Monday, November 6, 2017

No one knew the circumstance but they say it happened pretty quick

LILY, ROSEMARY AND THE JACK OF HEARTS (Bob Dylan) -- Gregg Inhofer


"Blood on the Tracks" is one of the most acclaimed albums in rock history.  Bob Dylan's 1975 masterpiece is also one of his most commercially successful records, topping the charts and going double platinum.  BOTT was inducted into the Grammy Hall of Fame in 2015.

Gregg Inhofer plays keyboards on five of the ten tracks, but you won't find his name on any release of the album.  The same holds for the four other Minneapolis musicians who also backed Dylan on those songs. Guitarist Kevin Odegard co-wrote a fascinating book about the experience.


The short version: Dylan had recorded the ten songs for BOTT in New York City and the album was set for a release in time for Christmas, 1974.  But Dylan wasn't satisfied, so his brother suggested that he re-record some songs while in Minnesota for the holidays and delay the release. 

Backing musicians were quickly rounded up and, after two days of recording, produced the final versions of "Tangled Up in Blue," "You're a Big Girl Now," "Idiot Wind," "If You See Her, Say Hello," and the song I cover in my Q+A with Gregg Inhofer, "Lily, Rosemary and the Jack of Hearts."

Since the record jackets had been already been printed, it was too late to add the Minneapolis musicians to the credits, something which has never been rectified. 

"Lily, Rosemary and the Jack of Hearts" is a long title for a very long song.  It is cinematic in scope, telling the tale of a love triangle in the Old West in 15 verses. The characters and setting are so vividly depicted that, unsurprisingly, there have been two screenplays based on LR&TJOH (neither has been produced).

The musical setting for this complex story is relatively simple, an uptempo folk song propelled by the talented Minneapolis musicians, including Inhofer on organ.

To hear what they added to the song, first listen to the rejected New York version, done in a slower and stripped down style: 


And then listen to the Minneapolis version, the one used on BOTT:


Dylan has only played LR&TKOJ live once, back in 1976.  

Gregg Inhofer is an accomplished musician, a member of the Minnesota Rock and Country Hall of Fame, a singer-songwriter and pianist whose work ranges from jazz to rock to R&B. He recently fielded my seven questions about his experience working on BOTT.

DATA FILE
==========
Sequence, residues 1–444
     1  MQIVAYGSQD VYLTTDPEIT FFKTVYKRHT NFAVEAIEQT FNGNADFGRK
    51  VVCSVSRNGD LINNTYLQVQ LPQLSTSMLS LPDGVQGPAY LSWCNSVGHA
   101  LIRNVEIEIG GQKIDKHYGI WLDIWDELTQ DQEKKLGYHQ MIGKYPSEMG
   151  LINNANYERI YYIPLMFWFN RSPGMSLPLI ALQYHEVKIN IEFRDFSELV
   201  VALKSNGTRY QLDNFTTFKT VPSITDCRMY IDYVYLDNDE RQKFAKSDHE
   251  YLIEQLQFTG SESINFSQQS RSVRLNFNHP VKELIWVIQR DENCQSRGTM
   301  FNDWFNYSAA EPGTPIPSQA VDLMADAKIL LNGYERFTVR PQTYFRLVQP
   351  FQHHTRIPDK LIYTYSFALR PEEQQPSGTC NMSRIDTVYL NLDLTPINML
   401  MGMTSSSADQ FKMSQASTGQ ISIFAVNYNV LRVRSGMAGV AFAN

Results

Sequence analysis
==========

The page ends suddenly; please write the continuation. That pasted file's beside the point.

1 - What was your connection to Kevin Odegard at the time and thus to these sessions?

Gregg Inhofer
: At the time, I was working in Kevin’s band doing his originals. Kevin’s manager was David Zimmerman, Bob’s brother. When the whole session thing came up, it was decided to use the studio rhythm section which was Billy Peterson & Bill Berg. When the subject of a keyboard player came up, I was the first name on their minds since I worked with Kevin.

2 - How well did you know any of Dylan's previous repertoire?

GI: I wasn't that well versed in Dylan’s work. I was aware of the mainstream stuff & had deep respect for him as a lyricist & the voice of a generation. I would hear whole albums at parties but I never bought one.

3 - In your band at the time, This Oneness, you were one of the vocalists. Did you learn anything about singing from observing Dylan during these sessions?


GI: Yes, I was also working with This Oneness. No, I didn't learn any vocal tips from him during the sessions. He didn't care that much about vocals. It was the words. 

Funny though, years later when we did the Pantages show, I had to sing a couple songs from BOTT. In learning his vocals I thought, oh I see what he was maybe going to go for if he gave a shit….but he didn't really.



4- Did Dylan give you any direction or feedback on your organ part for Lily, Rosemary and the Jack of Hearts? You had been playing progressive rock/jazz fusion with This Oneness. Was it challenging to adapt to playing a three-chord song with a very straightforward time signature?


GI: He did not give any feedback for this song. I found the 3 chords rather boring but not in a disrespectful way. I amused myself by turning the Leslie on and off.

5 - I've read how the musicians on "Sad Eyed Lady of the Lowlands" were tired after a long night of recording when they started taping that song -- and they kept thinking it was building to an end but verse after verse kept coming. On LR&TJOH did you have any idea what the song was about or how long it was going to be?